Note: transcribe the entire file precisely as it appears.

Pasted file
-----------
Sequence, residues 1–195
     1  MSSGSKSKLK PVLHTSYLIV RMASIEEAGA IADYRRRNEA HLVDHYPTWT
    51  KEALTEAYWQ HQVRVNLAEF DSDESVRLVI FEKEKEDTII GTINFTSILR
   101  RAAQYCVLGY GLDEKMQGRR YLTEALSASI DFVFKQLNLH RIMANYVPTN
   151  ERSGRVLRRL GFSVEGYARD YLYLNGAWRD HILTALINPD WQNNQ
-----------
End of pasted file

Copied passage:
Sequence, residues 1–195
     1  MSSGSKSKLK PVLHTSYLIV RMASIEEAGA IADYRRRNEA HLVDHYPTWT
    51  KEALTEAYWQ HQVRVNLAEF DSDESVRLVI FEKEKEDTII GTINFTSILR
   101  RAAQYCVLGY GLDEKMQGRR YLTEALSASI DFVFKQLNLH RIMANYVPTN
   151  ERSGRVLRRL GFSVEGYARD YLYLNGAWRD HILTALINPD WQNNQ